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Re: 3ware driver

On Sat, 12 Jun 2004 07:45, Gunnar Wolf <gwolf@gwolf.cx> wrote:
> As a sidenote, I would like to ask you: Why are you approaching a
> specific (or many separate) Linux distributions, instead of submitting
> the module for the inclusion in the Linux kernel? I assume you are
> aware that, in order to include it in most distributions (and
> certainly in Debian), the module should be thoroughly tested in order
> to ensure it does not destabilize the system and performs reliably
> enough.

For a long time Debian has had an aggressive policy of limiting the number of 
kernel patches applied to the kernel.org source.  Patches for random pieces 
of hardware generally didn't get into the Debian kernel source tree unless 
they were in the kernel.org kernel, or the hardware was very popular.

The Debian kernel maintenance process is changing at the moment, but I still 
don't expect them to start accepting patches for new hardware.  When you've 
sold a million RAID cards there may be some pressure to get it in, but for a 
new device there is no interest.

Adopting any kernel patches requires forward-porting the patches to newer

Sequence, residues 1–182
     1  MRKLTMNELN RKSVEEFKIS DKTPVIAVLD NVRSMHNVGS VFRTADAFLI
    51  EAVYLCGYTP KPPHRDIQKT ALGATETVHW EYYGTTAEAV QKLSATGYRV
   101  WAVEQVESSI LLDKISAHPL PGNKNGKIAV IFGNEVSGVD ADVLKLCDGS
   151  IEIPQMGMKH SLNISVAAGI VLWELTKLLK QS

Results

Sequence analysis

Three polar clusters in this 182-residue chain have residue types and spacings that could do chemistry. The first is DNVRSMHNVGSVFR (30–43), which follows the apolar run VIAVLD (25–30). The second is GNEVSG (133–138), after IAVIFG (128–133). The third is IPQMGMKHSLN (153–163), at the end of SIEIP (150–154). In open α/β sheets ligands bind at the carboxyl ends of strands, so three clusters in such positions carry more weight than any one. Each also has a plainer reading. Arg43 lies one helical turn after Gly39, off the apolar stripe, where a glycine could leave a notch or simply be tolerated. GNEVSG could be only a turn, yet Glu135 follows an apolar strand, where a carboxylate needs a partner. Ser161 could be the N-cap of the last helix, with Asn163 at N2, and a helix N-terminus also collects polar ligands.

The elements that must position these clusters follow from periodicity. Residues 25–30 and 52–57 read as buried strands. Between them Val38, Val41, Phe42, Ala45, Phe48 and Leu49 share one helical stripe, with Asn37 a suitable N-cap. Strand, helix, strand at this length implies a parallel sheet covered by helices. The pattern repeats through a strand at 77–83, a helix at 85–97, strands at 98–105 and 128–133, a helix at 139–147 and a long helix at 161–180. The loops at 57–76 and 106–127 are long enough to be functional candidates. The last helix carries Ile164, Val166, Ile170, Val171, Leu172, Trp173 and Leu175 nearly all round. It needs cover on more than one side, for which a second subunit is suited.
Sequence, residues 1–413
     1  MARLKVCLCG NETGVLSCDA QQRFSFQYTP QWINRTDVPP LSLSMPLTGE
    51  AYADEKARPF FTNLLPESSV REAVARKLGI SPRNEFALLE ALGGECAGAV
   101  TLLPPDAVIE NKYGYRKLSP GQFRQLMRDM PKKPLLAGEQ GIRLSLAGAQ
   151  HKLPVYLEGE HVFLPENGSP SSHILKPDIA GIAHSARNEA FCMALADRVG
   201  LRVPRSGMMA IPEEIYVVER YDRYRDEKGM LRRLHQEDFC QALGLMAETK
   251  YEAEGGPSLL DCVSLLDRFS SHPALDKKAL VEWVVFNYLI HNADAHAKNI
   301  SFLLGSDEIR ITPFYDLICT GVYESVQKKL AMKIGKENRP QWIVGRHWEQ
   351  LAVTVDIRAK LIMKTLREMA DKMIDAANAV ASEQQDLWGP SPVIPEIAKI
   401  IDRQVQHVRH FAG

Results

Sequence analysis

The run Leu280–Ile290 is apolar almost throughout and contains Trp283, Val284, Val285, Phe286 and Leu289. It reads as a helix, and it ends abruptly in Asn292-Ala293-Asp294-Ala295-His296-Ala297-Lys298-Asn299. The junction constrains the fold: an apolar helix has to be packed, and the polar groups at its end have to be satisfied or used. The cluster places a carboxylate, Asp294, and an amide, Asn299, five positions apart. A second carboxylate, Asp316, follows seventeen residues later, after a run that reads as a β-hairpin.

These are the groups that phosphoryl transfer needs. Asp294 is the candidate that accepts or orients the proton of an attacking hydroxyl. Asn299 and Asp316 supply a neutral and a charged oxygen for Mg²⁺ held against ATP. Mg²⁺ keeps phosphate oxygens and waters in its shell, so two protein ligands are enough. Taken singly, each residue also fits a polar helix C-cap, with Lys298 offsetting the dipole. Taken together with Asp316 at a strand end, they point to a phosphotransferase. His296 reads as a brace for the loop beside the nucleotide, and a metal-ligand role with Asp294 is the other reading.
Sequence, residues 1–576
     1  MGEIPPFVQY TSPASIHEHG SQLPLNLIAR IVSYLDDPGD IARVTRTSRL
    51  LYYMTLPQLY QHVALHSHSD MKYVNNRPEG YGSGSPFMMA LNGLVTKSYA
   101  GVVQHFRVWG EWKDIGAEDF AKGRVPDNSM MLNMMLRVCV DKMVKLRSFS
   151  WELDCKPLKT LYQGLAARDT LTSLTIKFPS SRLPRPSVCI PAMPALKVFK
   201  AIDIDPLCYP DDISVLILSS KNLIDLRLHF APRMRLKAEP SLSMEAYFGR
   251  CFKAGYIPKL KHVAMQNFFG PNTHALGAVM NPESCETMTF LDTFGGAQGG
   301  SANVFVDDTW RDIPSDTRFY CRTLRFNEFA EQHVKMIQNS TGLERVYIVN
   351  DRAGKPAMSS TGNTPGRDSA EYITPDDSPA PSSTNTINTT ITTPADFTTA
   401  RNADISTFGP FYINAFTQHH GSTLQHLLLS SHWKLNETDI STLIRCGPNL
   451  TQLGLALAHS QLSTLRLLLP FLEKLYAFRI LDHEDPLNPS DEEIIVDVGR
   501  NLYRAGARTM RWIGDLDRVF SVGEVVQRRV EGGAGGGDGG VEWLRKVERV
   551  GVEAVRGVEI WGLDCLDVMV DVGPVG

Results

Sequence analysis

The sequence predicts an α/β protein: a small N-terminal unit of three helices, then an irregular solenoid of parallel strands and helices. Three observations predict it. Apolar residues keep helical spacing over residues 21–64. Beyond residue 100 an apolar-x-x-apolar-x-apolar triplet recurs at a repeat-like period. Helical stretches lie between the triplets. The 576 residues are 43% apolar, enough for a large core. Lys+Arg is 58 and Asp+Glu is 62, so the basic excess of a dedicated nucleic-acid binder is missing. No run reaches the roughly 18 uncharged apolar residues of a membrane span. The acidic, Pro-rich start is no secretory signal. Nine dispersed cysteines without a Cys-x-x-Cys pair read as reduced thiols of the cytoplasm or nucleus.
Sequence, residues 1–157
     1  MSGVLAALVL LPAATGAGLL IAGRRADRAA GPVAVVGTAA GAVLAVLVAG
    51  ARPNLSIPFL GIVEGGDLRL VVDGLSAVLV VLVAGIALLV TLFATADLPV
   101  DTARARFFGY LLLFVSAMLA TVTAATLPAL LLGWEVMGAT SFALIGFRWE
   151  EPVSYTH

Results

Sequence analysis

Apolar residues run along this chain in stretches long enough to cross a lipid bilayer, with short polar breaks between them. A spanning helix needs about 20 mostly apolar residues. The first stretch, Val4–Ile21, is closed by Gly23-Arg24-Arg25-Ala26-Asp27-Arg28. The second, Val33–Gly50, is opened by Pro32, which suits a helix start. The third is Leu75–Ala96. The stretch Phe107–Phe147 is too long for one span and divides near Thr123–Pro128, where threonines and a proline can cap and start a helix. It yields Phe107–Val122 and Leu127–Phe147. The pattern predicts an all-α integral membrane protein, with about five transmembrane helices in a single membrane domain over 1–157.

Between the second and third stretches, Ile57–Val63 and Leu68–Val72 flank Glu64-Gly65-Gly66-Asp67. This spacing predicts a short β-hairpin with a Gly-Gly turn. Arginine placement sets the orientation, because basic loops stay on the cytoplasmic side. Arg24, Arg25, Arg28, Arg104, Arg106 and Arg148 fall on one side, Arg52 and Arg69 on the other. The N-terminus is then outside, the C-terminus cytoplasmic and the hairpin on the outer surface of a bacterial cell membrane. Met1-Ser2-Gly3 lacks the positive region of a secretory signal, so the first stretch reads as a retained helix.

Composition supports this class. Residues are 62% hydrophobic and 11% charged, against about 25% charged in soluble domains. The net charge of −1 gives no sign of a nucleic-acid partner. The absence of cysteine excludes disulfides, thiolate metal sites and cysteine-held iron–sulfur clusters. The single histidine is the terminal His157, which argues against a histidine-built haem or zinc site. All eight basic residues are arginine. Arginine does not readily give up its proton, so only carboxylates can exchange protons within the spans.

kernels (so a kernel upgrade does not reduce functionality), and there is 
risk of things breaking which takes precious debugging time away from other 

The situation in Red Hat for Fedora kernels is quite similar, there is a plan 
to avoid patching the kernel.org source without a really good reason.

Generally I recommend not even bothering to talk to distributions about 
accepting such kernel patches.  Send the source with a GPL license statement 
to the Linux kernel mailing list, if the kernel gurus accept the code as 
worthy of inclusion then all the distributions will accept it into their 
kernel source tree quickly.  Distributions that aren't using the latest 
kernel will usually be happy to back-port a driver from a newer kernel (it's 
no pain for them as they know that when they move to a newer kernel they 
won't have to worry about the driver).

Getting drivers on install disks is another issue (there are space problems), 
but really it's not worth even trying that until kernel.org accepts the code.

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